expectations. Life for Americans generally has indeed grown more comfortable and rewarding. There's been noticeable improvements for the poor. But delivery of improvements in the ghetto has not kept pace with the political promises of our leaders or with the poor and the disadvantaged have come to expect it is hardly surprising that the resulting frustrations give rise to violent crime. I think I should emphasize that in my judgment this is the most single. Emphatic cause of the recent increase. In Crime in the central cities. There is a well-established principle in the academia called the J curve. We have a paper in the research material submitted Commission which runs about 100 pages. I can describe it in two sentences. If you have a period of rising expectations as we had properly among minority groups in this country over a period of years and then expectation or at realisation falls off this is the J curve. It is an
absolute guarantee not only now but throughout history of serious violence. There remains one very serious or obvious reason for mounting crime in our society. The increasing failure of law enforcement agencies to cope with it. Consider the grim statistics. Ten million crimes were committed in the United States last year. About a half of these crimes were not even reported. Only 12 percent of those 10 million crimes. Resulted in the arrest of anyone. Only six percent. Resulted in the conviction of anyone and this 6 percent included many police to a lesser offense than the original charge. And note this. Of the 10 million crimes only one and a half percent resulted in the incarceration of anyone. And of those who were incarcerated most will eventually return to prison another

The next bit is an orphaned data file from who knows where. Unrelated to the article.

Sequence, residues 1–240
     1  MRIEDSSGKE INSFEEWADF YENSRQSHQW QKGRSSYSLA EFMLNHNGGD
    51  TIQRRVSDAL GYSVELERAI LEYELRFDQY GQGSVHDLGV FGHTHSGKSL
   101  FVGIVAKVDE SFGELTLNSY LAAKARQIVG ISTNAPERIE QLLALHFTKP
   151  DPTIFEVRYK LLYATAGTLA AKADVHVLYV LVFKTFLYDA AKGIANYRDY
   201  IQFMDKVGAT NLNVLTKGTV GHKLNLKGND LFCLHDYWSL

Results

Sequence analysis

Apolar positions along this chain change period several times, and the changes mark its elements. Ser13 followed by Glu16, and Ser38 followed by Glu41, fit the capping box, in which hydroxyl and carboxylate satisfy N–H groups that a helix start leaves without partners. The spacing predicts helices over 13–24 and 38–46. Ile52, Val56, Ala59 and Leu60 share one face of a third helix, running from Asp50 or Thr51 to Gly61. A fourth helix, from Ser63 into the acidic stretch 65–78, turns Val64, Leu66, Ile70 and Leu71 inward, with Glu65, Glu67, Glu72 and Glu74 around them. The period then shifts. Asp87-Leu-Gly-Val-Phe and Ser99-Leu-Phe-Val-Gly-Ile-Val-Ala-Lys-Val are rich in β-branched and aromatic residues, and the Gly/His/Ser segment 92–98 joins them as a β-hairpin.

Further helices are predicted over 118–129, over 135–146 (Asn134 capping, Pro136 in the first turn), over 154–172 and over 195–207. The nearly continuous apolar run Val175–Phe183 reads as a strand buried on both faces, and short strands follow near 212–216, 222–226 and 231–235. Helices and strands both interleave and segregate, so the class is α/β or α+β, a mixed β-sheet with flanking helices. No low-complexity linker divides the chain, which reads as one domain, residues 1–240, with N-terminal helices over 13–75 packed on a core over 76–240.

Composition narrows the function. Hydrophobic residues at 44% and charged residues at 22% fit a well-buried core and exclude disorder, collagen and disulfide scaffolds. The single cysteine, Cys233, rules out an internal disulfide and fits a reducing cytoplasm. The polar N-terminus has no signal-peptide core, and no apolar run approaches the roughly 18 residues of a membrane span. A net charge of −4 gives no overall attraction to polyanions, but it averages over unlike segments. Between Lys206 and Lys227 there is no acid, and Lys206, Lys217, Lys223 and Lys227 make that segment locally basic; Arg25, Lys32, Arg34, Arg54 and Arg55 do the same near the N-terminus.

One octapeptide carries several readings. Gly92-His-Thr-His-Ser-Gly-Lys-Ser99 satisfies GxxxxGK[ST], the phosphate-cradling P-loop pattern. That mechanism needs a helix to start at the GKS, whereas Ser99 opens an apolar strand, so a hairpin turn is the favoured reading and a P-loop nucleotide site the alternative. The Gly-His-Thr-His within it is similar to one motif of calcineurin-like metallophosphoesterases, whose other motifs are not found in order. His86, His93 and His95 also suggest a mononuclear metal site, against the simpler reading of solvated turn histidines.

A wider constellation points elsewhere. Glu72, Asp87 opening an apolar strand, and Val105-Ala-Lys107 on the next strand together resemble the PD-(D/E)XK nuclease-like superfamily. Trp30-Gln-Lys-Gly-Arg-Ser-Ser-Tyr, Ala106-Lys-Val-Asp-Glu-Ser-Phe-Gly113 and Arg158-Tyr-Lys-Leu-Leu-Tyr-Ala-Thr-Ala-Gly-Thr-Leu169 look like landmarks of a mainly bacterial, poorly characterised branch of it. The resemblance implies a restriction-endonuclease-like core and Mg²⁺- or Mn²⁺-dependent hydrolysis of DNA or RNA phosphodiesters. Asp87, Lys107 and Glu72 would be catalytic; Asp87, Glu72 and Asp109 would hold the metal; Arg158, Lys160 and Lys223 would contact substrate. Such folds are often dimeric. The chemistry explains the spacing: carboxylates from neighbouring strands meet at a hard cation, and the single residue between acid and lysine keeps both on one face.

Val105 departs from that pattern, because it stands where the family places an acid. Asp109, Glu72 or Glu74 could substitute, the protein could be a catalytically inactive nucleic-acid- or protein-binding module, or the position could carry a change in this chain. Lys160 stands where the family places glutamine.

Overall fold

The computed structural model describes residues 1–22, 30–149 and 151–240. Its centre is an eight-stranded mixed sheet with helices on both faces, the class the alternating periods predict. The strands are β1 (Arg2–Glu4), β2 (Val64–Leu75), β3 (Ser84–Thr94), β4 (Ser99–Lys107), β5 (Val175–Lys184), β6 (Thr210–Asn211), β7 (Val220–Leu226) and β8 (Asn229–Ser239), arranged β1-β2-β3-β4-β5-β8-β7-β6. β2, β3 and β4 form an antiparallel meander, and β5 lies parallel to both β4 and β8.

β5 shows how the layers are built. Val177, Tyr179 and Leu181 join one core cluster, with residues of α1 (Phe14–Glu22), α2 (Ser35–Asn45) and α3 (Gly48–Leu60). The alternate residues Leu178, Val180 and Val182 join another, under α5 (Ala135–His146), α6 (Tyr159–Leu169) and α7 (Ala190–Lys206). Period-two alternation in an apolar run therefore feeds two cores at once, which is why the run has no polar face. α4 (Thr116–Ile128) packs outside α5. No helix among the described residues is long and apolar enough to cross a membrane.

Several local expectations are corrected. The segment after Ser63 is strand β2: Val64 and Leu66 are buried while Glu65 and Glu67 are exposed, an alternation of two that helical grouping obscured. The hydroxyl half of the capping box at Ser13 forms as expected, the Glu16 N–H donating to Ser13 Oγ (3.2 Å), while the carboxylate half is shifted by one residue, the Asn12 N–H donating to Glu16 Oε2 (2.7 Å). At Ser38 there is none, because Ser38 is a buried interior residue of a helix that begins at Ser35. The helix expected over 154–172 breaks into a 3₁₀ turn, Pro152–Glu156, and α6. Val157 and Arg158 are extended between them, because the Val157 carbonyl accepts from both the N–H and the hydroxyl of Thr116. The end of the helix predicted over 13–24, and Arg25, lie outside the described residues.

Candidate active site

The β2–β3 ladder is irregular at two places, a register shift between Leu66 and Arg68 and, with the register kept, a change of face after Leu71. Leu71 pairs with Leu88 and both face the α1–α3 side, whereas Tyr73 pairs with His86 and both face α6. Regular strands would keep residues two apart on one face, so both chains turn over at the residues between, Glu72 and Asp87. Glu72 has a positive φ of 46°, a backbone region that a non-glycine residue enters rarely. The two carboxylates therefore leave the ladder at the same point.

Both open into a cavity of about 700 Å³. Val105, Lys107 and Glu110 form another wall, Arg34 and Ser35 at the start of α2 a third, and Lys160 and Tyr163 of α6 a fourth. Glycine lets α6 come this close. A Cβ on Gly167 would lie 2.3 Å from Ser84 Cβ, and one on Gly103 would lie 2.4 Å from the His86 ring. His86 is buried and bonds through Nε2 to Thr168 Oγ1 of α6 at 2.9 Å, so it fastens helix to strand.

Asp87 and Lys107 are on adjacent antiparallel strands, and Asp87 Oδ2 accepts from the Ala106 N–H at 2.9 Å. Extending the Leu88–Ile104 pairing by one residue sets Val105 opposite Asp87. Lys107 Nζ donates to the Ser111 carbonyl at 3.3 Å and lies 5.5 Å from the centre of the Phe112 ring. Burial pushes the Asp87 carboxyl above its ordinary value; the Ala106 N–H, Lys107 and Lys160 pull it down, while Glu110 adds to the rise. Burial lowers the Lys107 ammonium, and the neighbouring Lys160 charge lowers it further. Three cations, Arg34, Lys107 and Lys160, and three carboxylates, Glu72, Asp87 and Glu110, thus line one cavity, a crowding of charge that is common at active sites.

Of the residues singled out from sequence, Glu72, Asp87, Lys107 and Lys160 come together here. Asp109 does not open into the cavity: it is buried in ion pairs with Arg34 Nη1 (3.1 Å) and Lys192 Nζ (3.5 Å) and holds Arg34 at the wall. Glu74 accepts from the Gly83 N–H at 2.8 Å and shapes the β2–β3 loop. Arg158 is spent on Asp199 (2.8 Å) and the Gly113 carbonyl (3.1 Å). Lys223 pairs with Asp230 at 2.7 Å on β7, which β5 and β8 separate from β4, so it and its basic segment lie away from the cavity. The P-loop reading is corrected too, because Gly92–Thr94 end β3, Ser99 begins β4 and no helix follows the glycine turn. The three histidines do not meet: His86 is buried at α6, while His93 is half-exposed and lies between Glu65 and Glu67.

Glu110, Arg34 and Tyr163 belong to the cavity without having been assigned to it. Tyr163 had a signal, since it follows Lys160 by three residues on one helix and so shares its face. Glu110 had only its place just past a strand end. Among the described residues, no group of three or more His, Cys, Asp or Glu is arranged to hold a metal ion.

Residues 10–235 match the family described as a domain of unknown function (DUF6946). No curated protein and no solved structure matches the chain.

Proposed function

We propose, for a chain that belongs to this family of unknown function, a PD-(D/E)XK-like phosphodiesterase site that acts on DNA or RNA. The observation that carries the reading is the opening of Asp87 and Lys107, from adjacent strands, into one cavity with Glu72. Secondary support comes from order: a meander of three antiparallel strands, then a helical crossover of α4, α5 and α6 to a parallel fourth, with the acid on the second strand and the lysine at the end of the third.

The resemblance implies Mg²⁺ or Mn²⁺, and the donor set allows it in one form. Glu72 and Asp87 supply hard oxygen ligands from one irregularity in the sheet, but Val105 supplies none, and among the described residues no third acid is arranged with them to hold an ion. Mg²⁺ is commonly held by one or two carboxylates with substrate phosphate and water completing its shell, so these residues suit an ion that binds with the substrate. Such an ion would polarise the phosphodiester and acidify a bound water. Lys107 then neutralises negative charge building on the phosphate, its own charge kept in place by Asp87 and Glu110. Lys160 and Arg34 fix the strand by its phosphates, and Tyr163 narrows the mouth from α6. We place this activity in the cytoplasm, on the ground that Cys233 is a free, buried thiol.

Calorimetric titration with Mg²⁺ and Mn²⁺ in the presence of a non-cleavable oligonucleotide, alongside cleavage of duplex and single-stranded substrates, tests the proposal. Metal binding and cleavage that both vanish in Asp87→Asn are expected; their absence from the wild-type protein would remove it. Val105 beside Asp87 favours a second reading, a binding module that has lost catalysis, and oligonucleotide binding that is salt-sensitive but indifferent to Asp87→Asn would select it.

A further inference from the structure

time for another offense as Lloyd Cutler an eminent lawyer and executive director of the violence commission remarked of the statistics. It would be hard to argue that crime does not pay. The sad fact is that our criminal justice system as presently operated does not deter or does not detect does not convict and does not correct. As crimes go unpunished and as a few criminals go through the correctional system changes for the worse instead of the better by the way. It is no wonder crime is on the increase as police departments in American cities are understaffed and under equipped. Police are undereducated under-trained. Juvenile courts have failed to live up to their humane ideal. The lower courts in which most adults are tried too often have crowded documents dockets people waiting two years for a trial. Inadequate procedures for investigating and